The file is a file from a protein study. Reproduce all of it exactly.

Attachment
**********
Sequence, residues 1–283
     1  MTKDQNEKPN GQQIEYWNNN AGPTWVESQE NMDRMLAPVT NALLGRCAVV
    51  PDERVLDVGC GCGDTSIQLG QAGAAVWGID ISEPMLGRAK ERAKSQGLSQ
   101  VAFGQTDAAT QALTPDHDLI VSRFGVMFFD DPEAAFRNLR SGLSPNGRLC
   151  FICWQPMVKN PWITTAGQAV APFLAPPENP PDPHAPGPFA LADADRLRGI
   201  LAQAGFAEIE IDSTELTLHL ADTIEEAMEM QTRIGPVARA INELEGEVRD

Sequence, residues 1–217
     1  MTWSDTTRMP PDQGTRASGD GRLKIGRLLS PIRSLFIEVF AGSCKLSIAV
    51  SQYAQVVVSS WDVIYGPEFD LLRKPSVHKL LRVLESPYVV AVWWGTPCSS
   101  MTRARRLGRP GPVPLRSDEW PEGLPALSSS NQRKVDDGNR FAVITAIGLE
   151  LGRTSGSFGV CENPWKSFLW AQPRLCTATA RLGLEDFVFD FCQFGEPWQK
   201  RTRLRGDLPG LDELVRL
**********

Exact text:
Sequence, residues 1–283
     1  MTKDQNEKPN GQQIEYWNNN AGPTWVESQE NMDRMLAPVT NALLGRCAVV
    51  PDERVLDVGC GCGDTSIQLG QAGAAVWGID ISEPMLGRAK ERAKSQGLSQ
   101  VAFGQTDAAT QALTPDHDLI VSRFGVMFFD DPEAAFRNLR SGLSPNGRLC
   151  FICWQPMVKN PWITTAGQAV APFLAPPENP PDPHAPGPFA LADADRLRGI
   201  LAQAGFAEIE IDSTELTLHL ADTIEEAMEM QTRIGPVARA INELEGEVRD

Sequence, residues 1–217
     1  MTWSDTTRMP PDQGTRASGD GRLKIGRLLS PIRSLFIEVF AGSCKLSIAV
    51  SQYAQVVVSS WDVIYGPEFD LLRKPSVHKL LRVLESPYVV AVWWGTPCSS
   101  MTRARRLGRP GPVPLRSDEW PEGLPALSSS NQRKVDDGNR FAVITAIGLE
   151  LGRTSGSFGV CENPWKSFLW AQPRLCTATA RLGLEDFVFD FCQFGEPWQK
   201  RTRLRGDLPG LDELVRL